But Polito said she wants to emulate Lieutenant Governor Paul Cellucci, another former state representative, who helped Governor William F. Weld advance his agenda in the House and Senate.
“I really do think I’m like Charlie’s copilot,” Polito said.
Cellucci also became acting governor in 1997, when Weld left to pursue an ambassadorship. A year later, Cellucci was elected governor, making him the last number two official to win the coveted top job.
Kerrigan said he would work on a few specific issues – homelessness, veterans’ concerns, and the economy – much as Lieutenant Governor Timothy P. Murray did before he resigned in June 2013 amid controversies over his ties to a disgraced local housing official and an early morning car crash.
As a former aide to Kennedy and Attorney General Thomas F. Reilly, Kerrigan said he is comfortable with the role of unsung underling.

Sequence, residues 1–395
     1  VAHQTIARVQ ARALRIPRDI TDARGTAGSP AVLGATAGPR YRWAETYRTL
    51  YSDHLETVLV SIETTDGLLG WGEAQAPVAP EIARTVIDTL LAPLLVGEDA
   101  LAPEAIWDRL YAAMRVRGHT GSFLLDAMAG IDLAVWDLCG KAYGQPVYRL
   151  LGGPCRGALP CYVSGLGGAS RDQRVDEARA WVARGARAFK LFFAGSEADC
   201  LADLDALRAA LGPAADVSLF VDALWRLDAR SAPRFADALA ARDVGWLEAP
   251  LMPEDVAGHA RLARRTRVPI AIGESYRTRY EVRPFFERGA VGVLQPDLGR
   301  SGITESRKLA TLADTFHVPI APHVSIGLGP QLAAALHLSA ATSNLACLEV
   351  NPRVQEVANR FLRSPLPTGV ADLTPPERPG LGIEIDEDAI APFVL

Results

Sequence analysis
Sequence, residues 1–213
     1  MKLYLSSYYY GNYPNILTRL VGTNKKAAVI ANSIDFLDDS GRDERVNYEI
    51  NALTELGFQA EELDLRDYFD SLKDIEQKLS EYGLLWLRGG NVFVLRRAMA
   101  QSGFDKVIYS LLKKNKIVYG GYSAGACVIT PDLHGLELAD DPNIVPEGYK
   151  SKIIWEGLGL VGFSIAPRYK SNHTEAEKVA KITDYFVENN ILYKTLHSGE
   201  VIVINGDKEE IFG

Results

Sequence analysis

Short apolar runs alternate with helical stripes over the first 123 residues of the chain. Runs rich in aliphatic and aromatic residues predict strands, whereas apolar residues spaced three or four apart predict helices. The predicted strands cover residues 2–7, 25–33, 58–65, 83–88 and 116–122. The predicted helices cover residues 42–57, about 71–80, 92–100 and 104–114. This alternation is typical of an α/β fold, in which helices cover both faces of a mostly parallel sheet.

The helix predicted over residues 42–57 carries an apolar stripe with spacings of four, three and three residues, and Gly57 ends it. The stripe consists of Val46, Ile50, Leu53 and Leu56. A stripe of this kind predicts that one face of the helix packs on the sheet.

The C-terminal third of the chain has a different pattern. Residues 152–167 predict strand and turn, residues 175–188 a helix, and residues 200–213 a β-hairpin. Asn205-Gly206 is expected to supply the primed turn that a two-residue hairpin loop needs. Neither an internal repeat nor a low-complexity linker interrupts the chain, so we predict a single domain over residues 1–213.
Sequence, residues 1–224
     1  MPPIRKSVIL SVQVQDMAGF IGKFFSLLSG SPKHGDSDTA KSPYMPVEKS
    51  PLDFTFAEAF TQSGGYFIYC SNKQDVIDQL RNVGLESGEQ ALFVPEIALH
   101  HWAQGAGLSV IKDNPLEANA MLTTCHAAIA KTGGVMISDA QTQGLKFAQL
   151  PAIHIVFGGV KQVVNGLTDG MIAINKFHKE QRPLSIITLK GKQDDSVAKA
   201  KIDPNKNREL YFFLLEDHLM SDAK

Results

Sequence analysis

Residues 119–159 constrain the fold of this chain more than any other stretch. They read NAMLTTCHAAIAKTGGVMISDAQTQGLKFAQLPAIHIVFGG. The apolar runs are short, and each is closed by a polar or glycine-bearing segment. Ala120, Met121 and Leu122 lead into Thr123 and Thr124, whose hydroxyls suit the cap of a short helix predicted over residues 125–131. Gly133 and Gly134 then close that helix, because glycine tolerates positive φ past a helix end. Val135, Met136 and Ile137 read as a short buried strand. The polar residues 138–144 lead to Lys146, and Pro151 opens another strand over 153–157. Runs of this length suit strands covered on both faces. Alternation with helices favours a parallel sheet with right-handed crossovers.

“This isn’t about doing something for the purpose of Steve Kerrigan looking good,” he said. “This is about doing something to do good.”
Still, lieutenant governors have not always been happy to stand dutifully in the background.
Lieutenant Governor Francis X. Bellotti ran against and defeated Governor Endicott Peabody in the 1964 Democratic primary, only to lose to Republican John Volpe in the general election.
Lieutenant Governor Evelyn Murphy accused Governor Michael Dukakis of excluding her from budget meetings when the economy cratered in 1990. When Dukakis prepared to leave town, she threatened to slash spending without his consent, declaring, ‘‘I won’t be a do-nothing lieutenant governor.’’
“Relations with the governor and the governor’s office always have to be managed,” Murphy warned in a recent interview. “There are strains internally because the governor and the governor’s people always want the governor to be first and foremost.”